frederick wiseman

Frederick Wiseman talks “Titicut Follies”

The documentary master visits Portland this week to screen his 1967 debut, a scathing portrait of life in a Massachusetts mental hospital

If it ain’t broke, don’t fix it. That’s been the mantra of documentary filmmaking legend Frederick Wiseman for a half-century now.

On Thursday, April 21, the Northwest Film Center will host Wiseman for a 35mm screening of his first feature, 1967’s notorious “Titicut Follies.” Filmed inside the Bridgewater (Massachusetts) State Hospital for the criminally insane, it unflinchingly depicted abuses that included forced nudity and force-feeding of inmates. It was a landmark of both observational, “direct cinema” style and led to legislative reforms, but was difficult if not impossible to screen for decades after its making.

Wiseman has gone on to make another forty documentaries, almost all of which explore some sort of institution (“Public Housing,” “Hospital,” “National Gallery”) using the same basic technique as his first. His latest film, 2015’s “In Jackson Heights,” is a testament to the remarkably diverse New York neighborhood of its title.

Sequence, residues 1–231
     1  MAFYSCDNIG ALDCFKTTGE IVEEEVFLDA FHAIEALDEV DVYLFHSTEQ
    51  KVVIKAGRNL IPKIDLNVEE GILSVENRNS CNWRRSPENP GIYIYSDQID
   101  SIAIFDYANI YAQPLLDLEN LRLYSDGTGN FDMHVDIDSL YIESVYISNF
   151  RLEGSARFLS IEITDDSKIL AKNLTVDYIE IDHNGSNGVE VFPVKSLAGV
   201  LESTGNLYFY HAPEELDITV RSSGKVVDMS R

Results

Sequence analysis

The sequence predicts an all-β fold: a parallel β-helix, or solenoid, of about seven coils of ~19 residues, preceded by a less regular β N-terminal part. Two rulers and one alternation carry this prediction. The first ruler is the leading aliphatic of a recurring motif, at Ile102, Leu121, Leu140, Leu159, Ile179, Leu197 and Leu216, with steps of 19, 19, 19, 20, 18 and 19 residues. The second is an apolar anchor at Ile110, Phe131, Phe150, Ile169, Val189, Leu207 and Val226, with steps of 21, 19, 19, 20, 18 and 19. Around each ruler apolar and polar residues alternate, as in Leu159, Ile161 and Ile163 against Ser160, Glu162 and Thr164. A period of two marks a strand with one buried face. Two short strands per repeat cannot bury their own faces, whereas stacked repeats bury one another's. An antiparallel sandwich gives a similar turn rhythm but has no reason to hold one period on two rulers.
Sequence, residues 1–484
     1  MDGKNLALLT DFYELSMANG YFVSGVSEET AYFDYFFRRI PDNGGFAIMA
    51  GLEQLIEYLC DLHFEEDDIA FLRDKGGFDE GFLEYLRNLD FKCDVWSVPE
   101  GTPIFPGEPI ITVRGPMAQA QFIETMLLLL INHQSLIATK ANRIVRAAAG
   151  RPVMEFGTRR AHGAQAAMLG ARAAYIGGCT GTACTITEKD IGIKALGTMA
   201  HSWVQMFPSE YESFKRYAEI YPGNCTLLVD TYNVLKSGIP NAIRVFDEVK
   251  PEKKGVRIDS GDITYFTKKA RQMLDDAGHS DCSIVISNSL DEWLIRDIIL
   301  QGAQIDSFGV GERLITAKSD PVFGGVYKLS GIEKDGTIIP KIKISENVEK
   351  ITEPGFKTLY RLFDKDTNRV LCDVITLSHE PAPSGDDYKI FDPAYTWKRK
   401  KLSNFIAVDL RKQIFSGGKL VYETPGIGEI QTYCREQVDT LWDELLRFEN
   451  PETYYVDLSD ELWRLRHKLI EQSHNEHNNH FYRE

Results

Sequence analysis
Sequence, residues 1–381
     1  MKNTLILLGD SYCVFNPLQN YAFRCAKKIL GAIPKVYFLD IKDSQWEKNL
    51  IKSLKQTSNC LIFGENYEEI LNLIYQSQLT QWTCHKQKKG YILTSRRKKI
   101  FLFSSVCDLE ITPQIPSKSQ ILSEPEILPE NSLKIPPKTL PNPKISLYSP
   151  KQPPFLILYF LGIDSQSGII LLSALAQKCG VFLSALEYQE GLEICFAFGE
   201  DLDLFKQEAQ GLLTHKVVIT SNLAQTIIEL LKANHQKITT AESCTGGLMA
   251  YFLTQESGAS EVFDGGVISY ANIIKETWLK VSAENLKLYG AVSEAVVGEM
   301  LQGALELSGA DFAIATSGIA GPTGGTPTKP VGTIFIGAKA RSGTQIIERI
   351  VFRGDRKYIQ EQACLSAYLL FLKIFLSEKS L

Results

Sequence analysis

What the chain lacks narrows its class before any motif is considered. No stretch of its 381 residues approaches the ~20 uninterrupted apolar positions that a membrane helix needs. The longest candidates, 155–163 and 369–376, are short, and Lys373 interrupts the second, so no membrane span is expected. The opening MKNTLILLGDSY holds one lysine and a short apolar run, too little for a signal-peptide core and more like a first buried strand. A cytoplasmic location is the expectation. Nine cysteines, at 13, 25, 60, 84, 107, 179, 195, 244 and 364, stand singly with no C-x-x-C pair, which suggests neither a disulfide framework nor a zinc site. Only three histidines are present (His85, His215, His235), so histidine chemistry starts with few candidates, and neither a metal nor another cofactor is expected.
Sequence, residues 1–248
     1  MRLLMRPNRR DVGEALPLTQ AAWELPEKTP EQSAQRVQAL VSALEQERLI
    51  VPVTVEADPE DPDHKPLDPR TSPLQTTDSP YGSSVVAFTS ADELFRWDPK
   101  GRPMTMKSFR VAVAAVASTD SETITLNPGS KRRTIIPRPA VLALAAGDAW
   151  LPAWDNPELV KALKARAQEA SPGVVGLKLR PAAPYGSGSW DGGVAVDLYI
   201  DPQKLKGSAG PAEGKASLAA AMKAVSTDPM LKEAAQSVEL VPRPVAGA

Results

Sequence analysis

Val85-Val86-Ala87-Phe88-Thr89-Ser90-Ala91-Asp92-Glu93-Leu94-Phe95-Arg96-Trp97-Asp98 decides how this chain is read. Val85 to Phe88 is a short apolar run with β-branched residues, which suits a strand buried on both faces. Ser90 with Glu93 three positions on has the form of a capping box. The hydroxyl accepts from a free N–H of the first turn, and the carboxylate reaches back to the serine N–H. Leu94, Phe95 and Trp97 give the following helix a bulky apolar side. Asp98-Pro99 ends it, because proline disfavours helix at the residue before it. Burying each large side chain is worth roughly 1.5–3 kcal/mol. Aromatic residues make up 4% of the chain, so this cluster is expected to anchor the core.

The 86-year-old Wiseman shows no signs of slowing. He took the time to call during a Sunday layover in a Washington, D.C. airport, on his way to Chicago. We talked about his upcoming visit to Portland, his time-tested methods, and the legacy of “Titicut Follies.”

A scene from "Titicut Follies." © 1967 Bridgewater Film Company, Inc. Photo provided courtesy of Zipporah Films.

A scene from “Titicut Follies.” © 1967 Bridgewater Film Company, Inc. Photo provided courtesy of Zipporah Films.

OAW: First of all, thanks for taking time out of what sounds like a busy travel schedule to speak with me.

FW: Happy to do it.

OAW: “Titicut Follies” was shot fifty years ago. What prompts you to continue to travel around and discuss it?

FW: They wanted to show it. They knew I was going to be in Portland. So I agreed to talk afterwards. I was pleased to be invited. I had been thinking about visiting, and they had wanted to have me out there for a while, so the interests coincided.

OAW: Is it at all surreal to look back on a film you made that long ago and realize its continued impact and influence?